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Reviewed by Ashby L. Camp,
Thinking about God: First Steps in Philosophy. Gregory E. Ganssle. 2004. Downers Grove, IL: InterVarsity Press. 187 p. Paper, $16.00.
Gregory E. Ganssle is a philosopher at the Rivendell Institute and a part-time lecturer in the philosophy department at Yale University. He wrote this book to introduce ordinary people (non-philosophers) to philosophy and to help them think clearly about God.
In Part One (Introduction), Ganssle clears some weeds by explaining why the idea that one cannot “prove” the existence of God is less significant than might appear. If “prove” means to establish with unquestionable certainty, then one cannot prove God’s existence, but neither can one prove that the Rocky Mountains exist independent of one’s mind, that the universe did not pop into existence five minutes ago, or that other people have minds. However, one can provide good reason for believing God exists, just as one can provide good reason for believing that mountains are real, that memories are generally reliable, and that other minds exist.
Ganssle then explains how trusting in God and thinking about God go hand in hand. Believers know certain things are true by means of faith on the basis of the authority of the Scriptures or the church. What they know by faith they seek also to understand on the basis of reason. Whereas it is better to have knowledge by both faith and reason, one does not know less truly or to some inferior degree if one knows only by means of faith in a reliable authority.
The final weed he clears is the notion that one must be neutral in the sense of having no ideas or beliefs about God in order to be openminded in thinking about God. Virtually everyone has ideas and beliefs about God. The test of open-mindedness is whether one is willing to identify one’s starting assumptions (prior ideas and beliefs) and open them to criticism.
In Part Two (Reasons to Believe in God), Ganssle presents three lines of evidence that he believes make it more likely that God exists than that he does not. He argues: (1) that the existence of the universe is better explained by a first cause who is a powerful person, outside space and time, (2) that the nature of the universe is better explained by a cause that was an intelligent designer who had some interest in a universe that was suitable for life, and (3) that the nature of moral facts indicate that there is a purpose to our lives that comes from outside human culture.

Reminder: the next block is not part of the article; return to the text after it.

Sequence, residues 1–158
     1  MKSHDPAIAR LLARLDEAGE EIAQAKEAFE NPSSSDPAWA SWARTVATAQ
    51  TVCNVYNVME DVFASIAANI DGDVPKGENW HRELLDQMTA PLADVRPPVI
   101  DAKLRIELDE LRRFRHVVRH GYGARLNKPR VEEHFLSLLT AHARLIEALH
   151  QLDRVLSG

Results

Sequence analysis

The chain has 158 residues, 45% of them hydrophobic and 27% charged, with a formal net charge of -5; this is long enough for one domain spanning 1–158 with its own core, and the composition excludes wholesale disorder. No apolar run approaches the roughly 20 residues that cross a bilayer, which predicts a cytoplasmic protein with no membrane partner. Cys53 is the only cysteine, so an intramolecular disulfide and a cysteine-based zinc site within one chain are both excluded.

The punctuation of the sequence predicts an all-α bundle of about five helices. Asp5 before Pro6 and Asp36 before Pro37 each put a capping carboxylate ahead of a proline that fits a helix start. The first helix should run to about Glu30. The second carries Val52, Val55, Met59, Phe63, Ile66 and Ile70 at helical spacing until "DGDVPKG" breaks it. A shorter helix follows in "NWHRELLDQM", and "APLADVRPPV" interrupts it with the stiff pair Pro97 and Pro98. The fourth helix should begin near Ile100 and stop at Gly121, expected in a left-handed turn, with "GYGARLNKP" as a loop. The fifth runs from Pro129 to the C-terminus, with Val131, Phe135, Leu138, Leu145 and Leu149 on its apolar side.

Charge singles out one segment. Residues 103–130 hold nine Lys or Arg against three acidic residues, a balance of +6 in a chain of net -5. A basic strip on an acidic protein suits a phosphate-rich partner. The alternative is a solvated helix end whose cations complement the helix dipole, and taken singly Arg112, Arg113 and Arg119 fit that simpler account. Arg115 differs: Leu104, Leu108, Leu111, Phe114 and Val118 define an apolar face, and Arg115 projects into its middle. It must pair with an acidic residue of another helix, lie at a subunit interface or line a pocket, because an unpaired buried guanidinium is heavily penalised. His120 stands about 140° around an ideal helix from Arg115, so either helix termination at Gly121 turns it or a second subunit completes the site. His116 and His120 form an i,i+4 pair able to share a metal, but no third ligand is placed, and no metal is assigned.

Ganssle believes Darwin has rendered unsound the argument from apparent design in living things to the existence of a designer. Though Darwin’s story may not be true, he accepts that it provides a plausible explanation for how aspects of living things could appear to be designed without actually having been designed (like the “Old Man in the Mountain” in New Hampshire). Since Darwin’s story is available only for things that reproduce, it has no effect on the argument for design from the fine-tuning of the universe (argument 2).
Of course, creationists and many in the intelligent design community challenge the notion that Darwin’s story is a plausible explanation for the appearance of design in nature. Ganssle does not explain why he accepts Darwin’s story as plausible, but he seems to be relying on the fact “most biologists think that some story pretty much like Darwin’s is the way things happened.”
In Part Three (God and Evil), the author tackles the philosophical problem of whether the existence of God and evil can be reconciled. He argues that the existence of evil in general does not disprove God’s existence (Mackie’s argument) because God may have a good reason for allowing evil. He argues that the existence of particular evils for which we can conceive no good reason does not make God’s existence improbable (Rowe’s argument) because it is reasonable to suppose that God will have reasons for allowing evils that we cannot grasp.
In Part Four (What Is God Like?), Ganssle explores what God can do, what he can know, and whether he communicates. He explains that God cannot do what is logically contradictory (e.g., make a square circle) and that God can know every truth, even the future (though how one analyzes God’s knowledge is linked to one’s view of God’s relationship to time). He ends with suggesting that, in light of what one can infer about God’s existence and nature, it is reasonable to think that God would reveal himself to the human race through language.
This is a good basic introduction to some important philosophical questions about God. Ganssle is a believer who knows the terrain and communicates clearly. Though his purpose in writing was broader, the book will help prepare Christian undergraduates to deal with questions that on too many campuses are presented as unanswerable objections to the faith. Those who are active in Christian apologetics will see much that is familiar, but they also can benefit from Ganssle’s analysis of various issues. For those who wish to dig deeper, there is a short list of recommended reading.